ON THE ELECTRODYNAMICS OF MOVING BODIES, by A. Einstein, June 30, 1905: "From this there ensues the following peculiar consequence. If at the points A and B of K there...

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Pentcho Valev wrote on Dec. 21, 2014 @ 19:09 GMT
Theoretical Physics Unravelling

Scientific method: Defend the integrity of physics, George Ellis, Joe Silk, Nature 516, 321–323 (18 December 2014)

For the moment the string theory and the multiverse are being attacked but these are metastases; soon "the root of all the evil" will have to be eradicated:

Joao Magueijo, Faster Than the Speed of Light, p. 250: "Lee [Smolin] and I discussed these paradoxes at great length for many months, starting in January 2001. We would meet in cafés in South Kensington or Holland Park to mull over the problem. THE ROOT OF ALL THE EVIL WAS CLEARLY SPECIAL RELATIVITY. All these paradoxes resulted from well known effects such as length contraction, time dilation, or E=mc^2, all basic predictions of special relativity. And all denied the possibility of establishing a well-defined border, common to all observers, capable of containing new quantum gravitational effects."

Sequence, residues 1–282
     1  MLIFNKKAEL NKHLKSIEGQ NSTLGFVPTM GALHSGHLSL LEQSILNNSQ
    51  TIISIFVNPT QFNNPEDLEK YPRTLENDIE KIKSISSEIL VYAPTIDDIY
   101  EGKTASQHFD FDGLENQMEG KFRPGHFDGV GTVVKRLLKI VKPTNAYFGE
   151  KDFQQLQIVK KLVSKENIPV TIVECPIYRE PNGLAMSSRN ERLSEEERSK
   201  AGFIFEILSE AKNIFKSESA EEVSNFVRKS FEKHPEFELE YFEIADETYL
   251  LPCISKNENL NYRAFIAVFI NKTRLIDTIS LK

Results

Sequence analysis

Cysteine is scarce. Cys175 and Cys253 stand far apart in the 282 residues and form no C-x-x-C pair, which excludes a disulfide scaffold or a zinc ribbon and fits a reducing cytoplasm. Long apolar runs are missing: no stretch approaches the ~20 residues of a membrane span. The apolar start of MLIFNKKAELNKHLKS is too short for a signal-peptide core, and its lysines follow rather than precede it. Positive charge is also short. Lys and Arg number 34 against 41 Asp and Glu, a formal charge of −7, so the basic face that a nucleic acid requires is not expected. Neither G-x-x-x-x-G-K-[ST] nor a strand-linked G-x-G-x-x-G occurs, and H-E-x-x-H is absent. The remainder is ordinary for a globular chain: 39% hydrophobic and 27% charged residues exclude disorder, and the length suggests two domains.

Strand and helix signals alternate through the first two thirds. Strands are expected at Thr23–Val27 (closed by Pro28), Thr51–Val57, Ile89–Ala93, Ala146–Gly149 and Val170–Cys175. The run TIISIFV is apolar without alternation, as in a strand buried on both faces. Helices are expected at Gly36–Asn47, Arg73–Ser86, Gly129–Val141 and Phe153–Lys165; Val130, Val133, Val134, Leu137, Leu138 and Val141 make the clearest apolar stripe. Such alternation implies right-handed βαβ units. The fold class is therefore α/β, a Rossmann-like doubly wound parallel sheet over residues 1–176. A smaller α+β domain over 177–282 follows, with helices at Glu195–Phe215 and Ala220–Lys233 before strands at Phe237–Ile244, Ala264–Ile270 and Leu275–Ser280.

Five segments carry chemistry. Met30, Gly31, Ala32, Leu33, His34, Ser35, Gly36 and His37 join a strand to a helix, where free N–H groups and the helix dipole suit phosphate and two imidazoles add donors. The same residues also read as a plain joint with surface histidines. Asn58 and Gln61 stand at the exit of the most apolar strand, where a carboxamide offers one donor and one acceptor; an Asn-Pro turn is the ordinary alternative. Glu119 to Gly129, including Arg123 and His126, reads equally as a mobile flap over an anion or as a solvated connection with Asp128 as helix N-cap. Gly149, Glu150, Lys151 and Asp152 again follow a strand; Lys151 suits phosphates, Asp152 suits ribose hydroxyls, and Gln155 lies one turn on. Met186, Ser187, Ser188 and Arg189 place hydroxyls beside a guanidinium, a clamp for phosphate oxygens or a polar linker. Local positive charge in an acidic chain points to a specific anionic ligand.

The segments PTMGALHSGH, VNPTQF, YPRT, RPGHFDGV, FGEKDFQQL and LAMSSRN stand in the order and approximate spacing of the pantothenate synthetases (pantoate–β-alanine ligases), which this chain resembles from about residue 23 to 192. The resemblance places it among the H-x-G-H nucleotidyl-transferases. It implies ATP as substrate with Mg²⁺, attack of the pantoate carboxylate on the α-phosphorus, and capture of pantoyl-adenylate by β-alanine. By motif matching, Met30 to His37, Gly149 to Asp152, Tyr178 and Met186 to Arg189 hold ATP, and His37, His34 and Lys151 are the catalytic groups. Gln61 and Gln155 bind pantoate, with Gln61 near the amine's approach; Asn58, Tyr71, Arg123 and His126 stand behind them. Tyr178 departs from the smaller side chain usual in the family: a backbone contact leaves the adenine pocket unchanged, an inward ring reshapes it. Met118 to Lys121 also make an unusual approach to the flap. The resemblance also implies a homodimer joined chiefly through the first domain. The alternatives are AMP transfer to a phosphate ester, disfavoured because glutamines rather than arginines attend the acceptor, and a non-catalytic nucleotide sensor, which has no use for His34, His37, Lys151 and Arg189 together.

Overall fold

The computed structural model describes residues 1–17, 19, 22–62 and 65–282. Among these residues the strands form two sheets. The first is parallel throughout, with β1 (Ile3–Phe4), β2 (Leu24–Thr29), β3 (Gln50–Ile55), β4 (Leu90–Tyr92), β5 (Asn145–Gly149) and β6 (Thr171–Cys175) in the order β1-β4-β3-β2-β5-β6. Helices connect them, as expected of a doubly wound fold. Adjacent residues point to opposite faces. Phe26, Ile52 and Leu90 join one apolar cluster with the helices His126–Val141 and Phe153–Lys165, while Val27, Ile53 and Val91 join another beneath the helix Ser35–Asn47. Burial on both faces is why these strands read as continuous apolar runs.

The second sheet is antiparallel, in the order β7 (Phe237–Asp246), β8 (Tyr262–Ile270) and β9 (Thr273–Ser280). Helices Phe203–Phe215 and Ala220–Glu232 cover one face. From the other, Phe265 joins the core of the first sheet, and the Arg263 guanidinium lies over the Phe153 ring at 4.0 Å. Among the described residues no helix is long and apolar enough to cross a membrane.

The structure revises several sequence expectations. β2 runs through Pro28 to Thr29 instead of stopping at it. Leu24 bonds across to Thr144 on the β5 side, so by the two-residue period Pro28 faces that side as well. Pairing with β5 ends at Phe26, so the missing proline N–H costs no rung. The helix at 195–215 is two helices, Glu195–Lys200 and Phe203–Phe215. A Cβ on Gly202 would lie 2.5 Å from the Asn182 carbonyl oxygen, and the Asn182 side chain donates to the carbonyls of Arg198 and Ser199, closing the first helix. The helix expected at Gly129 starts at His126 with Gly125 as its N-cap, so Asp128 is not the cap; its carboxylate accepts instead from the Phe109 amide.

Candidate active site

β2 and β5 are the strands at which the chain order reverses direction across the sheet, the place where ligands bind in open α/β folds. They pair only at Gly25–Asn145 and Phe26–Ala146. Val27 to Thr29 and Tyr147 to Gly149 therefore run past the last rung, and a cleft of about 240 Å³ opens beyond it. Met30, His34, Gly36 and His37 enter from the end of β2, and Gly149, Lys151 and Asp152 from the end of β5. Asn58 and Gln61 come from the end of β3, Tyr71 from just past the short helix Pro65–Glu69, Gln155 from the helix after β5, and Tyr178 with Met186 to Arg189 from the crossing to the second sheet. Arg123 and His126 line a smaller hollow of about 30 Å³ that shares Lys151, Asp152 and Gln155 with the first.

Pentcho Valev

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John Brodix Merryman replied on Dec. 21, 2014 @ 20:00 GMT
Pentcho,